How do I learn fencing?
June 15, 2005 11:12 AM   Subscribe

So after reading The Speed of Dark by Elizabeth Moon, I've become interested in learning fencing.

Where do I begin with this? What should I read up on? Are there beginner classes that I can take? Specifically in the Chicago area. Any mefi fencers out there? I'm in relatively good physical shape and the only other sport I play competively is tennis, how long would it take me to pick up the basics of the sport?
posted by corpse to Sports, Hobbies, & Recreation (15 answers total) 1 user marked this as a favorite
 
I just wanted to add that it seems like a beautiful sport that combines athletic ability and mental focus on the individual basis. All of that appeals to me when looking for hobbies.
posted by corpse at 11:31 AM on June 15, 2005


Begin with fencing.net. You should be able to post there and locate a local club. The first priority is learning good footwork. When they were young, our coaches are fond of telling us, they used to require students to spend six months learning footwork before they had the privilege of wielding a weapon. Uphill both ways on the piste I'm sure. Often clubs will hold a free group footwork class, or experienced members will drill footwork with you. Strive for smooth, graceful footwork. No bone-jarring thumps, or herky-jerky movement. You will give away your intentions and give yourself overuse injuries.

When you are ready to pick up a blade, start with foil, preferably with a french grip. Learn to hold it with the tips of your fingers with delicate fingerplay before you progress to the pistol-grip for serious bouting. After a time, experiment with the epee to see if it suits your temperament. The less said about sabre the better ;). Invest in a quality uniform and mask. It is safety gear, and accidents do happen. Uhlmann and Allstar are the best. Individual instruction is essential, and your choice of instructor will be a limiting factor on your progress. There are many incompetents posing as instructors out there. If you learn from one of these, you will set yourself back and be forced to spend time unlearning to progress. You want someone who's students have proven themselves in competition, and that probably means european.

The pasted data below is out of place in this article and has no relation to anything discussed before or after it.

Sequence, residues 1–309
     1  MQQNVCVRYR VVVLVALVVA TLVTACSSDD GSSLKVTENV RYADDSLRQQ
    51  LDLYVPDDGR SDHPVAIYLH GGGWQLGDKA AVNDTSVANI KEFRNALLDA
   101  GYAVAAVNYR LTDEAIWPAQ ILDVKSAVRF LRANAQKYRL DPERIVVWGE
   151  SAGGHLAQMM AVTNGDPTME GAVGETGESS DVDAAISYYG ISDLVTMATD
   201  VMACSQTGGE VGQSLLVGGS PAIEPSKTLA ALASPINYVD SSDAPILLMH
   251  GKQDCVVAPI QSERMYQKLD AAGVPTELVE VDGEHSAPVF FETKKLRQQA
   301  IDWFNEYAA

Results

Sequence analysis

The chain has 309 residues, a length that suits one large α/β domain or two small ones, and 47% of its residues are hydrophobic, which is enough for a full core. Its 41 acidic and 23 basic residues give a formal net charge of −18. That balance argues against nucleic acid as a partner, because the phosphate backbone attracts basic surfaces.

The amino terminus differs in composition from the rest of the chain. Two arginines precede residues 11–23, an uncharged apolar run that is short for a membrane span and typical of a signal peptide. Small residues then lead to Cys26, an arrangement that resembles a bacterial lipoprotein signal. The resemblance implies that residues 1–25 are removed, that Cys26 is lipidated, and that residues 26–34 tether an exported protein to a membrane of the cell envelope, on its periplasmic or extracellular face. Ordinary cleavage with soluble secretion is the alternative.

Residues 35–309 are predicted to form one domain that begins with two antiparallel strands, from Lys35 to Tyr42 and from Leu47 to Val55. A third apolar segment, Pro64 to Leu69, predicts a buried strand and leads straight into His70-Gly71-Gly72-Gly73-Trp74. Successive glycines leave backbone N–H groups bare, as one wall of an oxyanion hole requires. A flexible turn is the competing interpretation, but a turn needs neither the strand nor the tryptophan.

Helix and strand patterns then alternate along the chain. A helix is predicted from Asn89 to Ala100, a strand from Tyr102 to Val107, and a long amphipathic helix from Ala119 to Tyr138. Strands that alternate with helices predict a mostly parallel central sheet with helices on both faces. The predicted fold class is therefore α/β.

Tennis and fencing are quite similar, especially in footwork and psychology. Don't be in a hurry to actually bout, the longer you take with preparation the more solid a foundation you will lay, before you begin developing the bad habits that bouting inevitably instills. Seek out more experienced opponents, and thank them for the lessons they will inflict on you.

For reading: Modern Fencing by Michael Alaux is an excellent primer.
The A-Z of fencing is an great reference filled with anecdotes of the rich history of the sport.
The Tao of Jeet Kune Do is required reading for venturing into competitions. Bruce Lee borrowed heavily from fencing texts, and added martial arts experience for a potent brew.

Good luck. I fenced avidly for fifteen years, and while I've moved on to other sports, I recommend it wholeheartedly.
posted by Manjusri at 11:57 AM on June 15, 2005 [1 favorite]


I only took it briefly, but from what you've said it sounds like a good match for you. It involves a lot of deep lunging and good hand/eye coordination, which any tennis player should have already. I found it fairly easy to understand the basics, but very challenging to perfect. The hardest part for me was the lack of other beginners to spar with, I didn't learn anything except humility from my more experienced opponents.
posted by cali at 12:11 PM on June 15, 2005


The less said about sabre the better ;).

Heathen! corpse, just go straight ahead and start on the sabre! You'll find that you'll love it.
Ok, so I joke a bit. You should start with foil, as Manjusri says, but if you find that you want to move on, choose either epee or sabre, depending on your temperment and your physical shape (taller fencers make better epeeists, generally speaking).

Enjoy the sport, it's a fun one!
posted by Inkoate at 12:42 PM on June 15, 2005


I took fencing at a local community college, which tend to be pretty cheap for residents. I notice that Truman College has fencing courses.